December 2020 Book of the Month | Congratulations to Konnie Huq and co-author James Kay who with illustrator Rikin Parekh have taken the best-loved fairy tales, shaken them up, and brought them uproariously into the 21st century. All your favourites are here, recognisable, but turned into something fresh, new and very funny (often with a pointed message or moral). Thus Sleeping Beauty is now Sleeping Brainy, a maths-mad princess who grows up to be the most successful Chancellor of the Exchequer in history, while simultaneously inventing the computer, the internet and Wikipedia (‘all in a good nine thousand six hundred and eighteen days’ work’ she concludes, happily). Pity the three bears who here have to put up with Mouldysocks, a boy too busy playing computer games to tidy up or wash, but cheer for The Pickled Mermaid, who puts her blog out on Plaicebook, Finstagram and Snapperchat, thereby reaching millions of readers and effecting real change on pollution in the oceans. Then there’s Robin Hoodlum and his boss, the Baron of Bottybum; Spinocchio, a TV news anchor; and a surprisingly familiar looking, bad-tempered little orange man called Trumplestiltskin … The stories are told with real dash and energy and will have children and parents alike roaring with laughter.
This story is based on a bedtime story Rowling told to her own children over many bedtimes. When the first coronavirus lockdown started it was decided to publish this a chapter at a time online - so that families and young readers had something to look forward to in the difficult weeks that followed. The story has now been published in a generous format hardback with illustrations provided by children from all over the world, all winners in the Ickabog artwork competition. This is very definitely a fairy-tale in the traditional manner. The good land of Cornucopia gets slowly taken over by two devious Lords – gloriously named as Spittleworth and Flappoon – after a tragic accident whilst the King is on a hunt for the terrifying monster – the Ickabog. There follow awful machinations resulting in parents being thrown into the deep dark dungeons and their children being placed in a truly awful orphanage. But, as with all good fairy-tales, the ingenious captives, both young and old, manage to slowly outwit the bad guys – and is the monster really as awful as he or she has been painted? A delightful story that will appeal to many many children and families. The great joy of the book is the huge variety and creativity this book has stimulated in children all around the globe in their illustrations. A fun read!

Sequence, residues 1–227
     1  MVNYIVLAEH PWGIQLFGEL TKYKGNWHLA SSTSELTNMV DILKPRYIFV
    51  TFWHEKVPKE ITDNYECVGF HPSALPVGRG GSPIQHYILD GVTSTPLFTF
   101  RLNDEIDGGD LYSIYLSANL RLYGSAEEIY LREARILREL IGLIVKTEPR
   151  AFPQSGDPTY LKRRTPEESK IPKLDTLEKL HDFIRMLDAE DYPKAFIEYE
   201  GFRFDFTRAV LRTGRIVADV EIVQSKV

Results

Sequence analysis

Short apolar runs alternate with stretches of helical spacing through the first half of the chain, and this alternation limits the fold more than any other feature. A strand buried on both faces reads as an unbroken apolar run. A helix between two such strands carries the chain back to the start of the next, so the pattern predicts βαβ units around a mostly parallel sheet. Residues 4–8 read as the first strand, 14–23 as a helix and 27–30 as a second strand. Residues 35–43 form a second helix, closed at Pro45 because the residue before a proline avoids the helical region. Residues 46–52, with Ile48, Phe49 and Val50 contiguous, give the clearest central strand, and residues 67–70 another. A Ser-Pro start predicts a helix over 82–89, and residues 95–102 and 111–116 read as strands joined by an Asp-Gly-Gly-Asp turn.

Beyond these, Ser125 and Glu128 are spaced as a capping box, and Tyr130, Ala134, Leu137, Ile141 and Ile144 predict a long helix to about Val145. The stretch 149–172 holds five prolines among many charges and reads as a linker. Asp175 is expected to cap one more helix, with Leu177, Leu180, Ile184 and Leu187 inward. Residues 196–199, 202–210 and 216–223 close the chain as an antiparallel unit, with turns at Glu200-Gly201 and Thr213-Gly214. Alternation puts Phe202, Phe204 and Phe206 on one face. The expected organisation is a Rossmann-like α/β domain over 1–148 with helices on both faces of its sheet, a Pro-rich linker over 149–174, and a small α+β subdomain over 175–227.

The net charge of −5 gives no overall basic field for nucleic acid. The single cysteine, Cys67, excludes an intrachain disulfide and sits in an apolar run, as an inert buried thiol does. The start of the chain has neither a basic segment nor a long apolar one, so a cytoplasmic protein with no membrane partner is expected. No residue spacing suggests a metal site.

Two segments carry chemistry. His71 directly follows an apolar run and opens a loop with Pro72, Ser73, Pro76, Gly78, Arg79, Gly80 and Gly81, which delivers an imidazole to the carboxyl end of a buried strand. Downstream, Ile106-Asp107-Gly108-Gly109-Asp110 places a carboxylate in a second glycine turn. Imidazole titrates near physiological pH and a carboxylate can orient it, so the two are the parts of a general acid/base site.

Now Available on Amazon. If I’m honest I was instantly charmed by Prince Zaaki and the Royal Sword of Luella, I love a story that starts with ‘Once upon a time’ and I think really endeared me to this fantastical tale. The descriptions of the castle and the land immediately pull you into the world of Luella while also cleverly providing context and backstory. As I think is suggested by the opening Prince Zaaki has the feel of a classical adventure to it, and we meet our prince as he first appears listless, the sets off on his adventures, with actions and peril along the way. This classical feel is continued in, perhaps as a nod to Snow White, the King’s personal assistant’s name - Helpy. I personally would have perhaps considered another name. I liked the imaginative animals that the author has populated Luella with and this imagination extends to the magic used throughout the novel and life at the TransM School. I also really liked the illustrations in the book. This is a book filled with adventure, and along the way Prince Zaaki might also find someone who “understands him” as he wishes. I think that this book would be good for 13 year-olds readers and it is all set up ready for the next book in the series.